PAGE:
• RuneMasters by Jay and me – Daryl and I played through a few rounds just to try to work out some of the kinks.  He thought of a great idea re: morphing the RuneSticks in addition to draining and fading.  I added the element of collecting items won to the side to reduce “analysis paralysis” (a.k.a. “AP”) which really worked to streamline and limit decision making.  Also thinking of increasing granularity in scoring to reduce chance of ties…and of removing diagonal RuneSticks to simplify drawing and chaining from rune to rune.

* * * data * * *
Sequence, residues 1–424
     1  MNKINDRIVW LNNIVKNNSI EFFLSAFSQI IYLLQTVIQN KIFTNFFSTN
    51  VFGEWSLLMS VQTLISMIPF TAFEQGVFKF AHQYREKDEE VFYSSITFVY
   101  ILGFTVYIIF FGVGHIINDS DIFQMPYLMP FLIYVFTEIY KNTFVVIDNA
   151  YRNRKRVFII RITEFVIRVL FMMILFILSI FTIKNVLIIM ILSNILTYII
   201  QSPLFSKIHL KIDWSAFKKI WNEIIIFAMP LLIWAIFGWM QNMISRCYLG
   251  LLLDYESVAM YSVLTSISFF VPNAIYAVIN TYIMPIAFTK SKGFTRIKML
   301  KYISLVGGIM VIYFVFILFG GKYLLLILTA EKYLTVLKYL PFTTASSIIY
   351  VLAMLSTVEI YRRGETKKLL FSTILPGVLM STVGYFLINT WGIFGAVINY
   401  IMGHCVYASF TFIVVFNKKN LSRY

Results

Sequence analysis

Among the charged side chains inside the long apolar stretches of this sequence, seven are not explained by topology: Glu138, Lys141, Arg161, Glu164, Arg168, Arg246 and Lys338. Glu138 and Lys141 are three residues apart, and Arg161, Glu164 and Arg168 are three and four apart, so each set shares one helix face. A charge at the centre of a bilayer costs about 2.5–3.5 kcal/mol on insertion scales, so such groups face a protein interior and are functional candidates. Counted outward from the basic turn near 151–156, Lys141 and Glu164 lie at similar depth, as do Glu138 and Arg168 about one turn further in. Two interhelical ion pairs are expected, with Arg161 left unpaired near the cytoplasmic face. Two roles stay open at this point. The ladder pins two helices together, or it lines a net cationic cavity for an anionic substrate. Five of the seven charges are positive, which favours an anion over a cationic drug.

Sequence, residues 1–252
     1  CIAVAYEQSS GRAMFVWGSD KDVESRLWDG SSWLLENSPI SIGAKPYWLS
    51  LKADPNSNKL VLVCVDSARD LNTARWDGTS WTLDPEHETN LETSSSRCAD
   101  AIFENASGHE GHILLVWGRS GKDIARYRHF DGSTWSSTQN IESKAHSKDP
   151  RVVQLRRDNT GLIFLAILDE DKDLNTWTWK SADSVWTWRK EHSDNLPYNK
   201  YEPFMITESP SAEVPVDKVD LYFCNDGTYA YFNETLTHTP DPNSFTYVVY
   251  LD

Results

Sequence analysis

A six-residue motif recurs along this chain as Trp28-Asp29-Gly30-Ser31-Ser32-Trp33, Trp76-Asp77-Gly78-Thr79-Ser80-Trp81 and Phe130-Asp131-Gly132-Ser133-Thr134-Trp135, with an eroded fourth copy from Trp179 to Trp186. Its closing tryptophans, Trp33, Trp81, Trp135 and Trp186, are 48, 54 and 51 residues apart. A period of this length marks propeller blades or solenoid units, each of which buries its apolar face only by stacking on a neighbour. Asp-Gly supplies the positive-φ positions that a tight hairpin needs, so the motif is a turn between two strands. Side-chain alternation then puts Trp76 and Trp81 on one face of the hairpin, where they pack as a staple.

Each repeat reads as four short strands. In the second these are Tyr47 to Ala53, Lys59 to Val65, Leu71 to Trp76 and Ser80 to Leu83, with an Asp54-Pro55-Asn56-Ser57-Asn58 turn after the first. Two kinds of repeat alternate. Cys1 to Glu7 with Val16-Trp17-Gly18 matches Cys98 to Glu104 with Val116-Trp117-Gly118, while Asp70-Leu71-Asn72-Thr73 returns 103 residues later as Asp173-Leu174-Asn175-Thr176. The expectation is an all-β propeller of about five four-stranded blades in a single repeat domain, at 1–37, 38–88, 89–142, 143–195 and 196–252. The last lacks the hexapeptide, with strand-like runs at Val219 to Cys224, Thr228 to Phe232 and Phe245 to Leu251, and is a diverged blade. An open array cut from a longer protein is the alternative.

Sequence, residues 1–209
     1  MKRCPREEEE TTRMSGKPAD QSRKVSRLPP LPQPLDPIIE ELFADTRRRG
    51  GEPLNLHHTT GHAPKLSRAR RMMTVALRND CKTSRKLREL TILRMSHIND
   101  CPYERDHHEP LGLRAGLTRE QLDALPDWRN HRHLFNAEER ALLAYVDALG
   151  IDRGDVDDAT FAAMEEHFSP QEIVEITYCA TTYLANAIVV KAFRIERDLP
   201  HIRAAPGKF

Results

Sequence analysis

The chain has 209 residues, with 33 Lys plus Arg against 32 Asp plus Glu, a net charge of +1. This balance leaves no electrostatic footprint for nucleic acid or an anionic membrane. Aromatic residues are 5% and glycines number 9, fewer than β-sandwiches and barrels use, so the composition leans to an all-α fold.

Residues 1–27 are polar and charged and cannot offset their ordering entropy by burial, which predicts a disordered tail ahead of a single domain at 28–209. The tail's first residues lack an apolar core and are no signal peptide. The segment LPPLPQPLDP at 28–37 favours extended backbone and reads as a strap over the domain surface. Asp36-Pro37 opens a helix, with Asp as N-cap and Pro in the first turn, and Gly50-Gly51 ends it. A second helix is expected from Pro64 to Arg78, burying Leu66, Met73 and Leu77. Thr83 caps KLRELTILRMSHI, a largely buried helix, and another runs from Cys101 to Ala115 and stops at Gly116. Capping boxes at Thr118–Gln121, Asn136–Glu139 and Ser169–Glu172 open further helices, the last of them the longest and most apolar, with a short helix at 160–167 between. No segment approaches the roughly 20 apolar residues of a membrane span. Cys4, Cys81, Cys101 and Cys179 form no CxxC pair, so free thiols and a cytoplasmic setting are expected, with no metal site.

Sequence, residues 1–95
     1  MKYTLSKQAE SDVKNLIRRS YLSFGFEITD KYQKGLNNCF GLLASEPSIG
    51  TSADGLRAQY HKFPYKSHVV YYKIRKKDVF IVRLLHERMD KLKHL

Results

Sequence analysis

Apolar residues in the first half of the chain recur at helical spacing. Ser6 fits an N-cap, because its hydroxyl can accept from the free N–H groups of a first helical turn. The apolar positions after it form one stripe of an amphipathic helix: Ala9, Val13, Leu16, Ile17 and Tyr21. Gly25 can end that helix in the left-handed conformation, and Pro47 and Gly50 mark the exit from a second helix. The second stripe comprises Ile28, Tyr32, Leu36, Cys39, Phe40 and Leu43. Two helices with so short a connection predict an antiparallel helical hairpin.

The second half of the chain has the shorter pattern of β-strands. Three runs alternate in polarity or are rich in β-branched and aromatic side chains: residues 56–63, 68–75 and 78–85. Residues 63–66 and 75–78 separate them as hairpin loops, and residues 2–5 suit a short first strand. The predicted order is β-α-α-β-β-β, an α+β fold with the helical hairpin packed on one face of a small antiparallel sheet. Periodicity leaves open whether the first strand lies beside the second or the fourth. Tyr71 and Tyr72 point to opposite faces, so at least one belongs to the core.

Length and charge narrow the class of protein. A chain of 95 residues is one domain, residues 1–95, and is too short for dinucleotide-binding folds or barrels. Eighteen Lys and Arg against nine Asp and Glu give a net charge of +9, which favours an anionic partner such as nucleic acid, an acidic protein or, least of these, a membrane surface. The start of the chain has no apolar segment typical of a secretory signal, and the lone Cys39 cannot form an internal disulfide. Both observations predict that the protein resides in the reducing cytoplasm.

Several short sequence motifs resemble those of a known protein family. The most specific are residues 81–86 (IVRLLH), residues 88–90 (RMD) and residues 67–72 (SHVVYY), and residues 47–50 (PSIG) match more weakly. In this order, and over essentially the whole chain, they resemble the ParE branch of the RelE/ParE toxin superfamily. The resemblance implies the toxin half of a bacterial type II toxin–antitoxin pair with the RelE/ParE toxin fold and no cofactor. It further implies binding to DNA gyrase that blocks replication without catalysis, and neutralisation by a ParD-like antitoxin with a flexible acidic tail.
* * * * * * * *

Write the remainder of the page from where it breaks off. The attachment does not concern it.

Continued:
• We did a “show and tell” of Josh’s Egg Hunters Guild, a fun and frantic game that might just be set in the world of Belfort – a world that Josh breathed life into through his artwork.  We bashed noggins over Josh’s hastily hand-drawn board with Daryl and Stephen in trying to think of a way to reduce the amount of dice/random factors yet still retain unpredictability.  My contention is that the unpredictability should be an outcome of players’ decisions, not the roll of a die.  We came up with a concept around “Speed Chips” that players expend to try to get away from the Dragon, but to also get the Dragon to catch up with other players…this means your Speed Chips serve a double function.  If the chip values are known (i.e. you have a set amount at set values), this could lead to some neat bluff/double bluff situations as people work towards a state of perfect knowledge.  And, thus, the decisions become more meaningful as opposed to hopeful (i.e. “I hope he doesn’t have anything higher than a 3!”)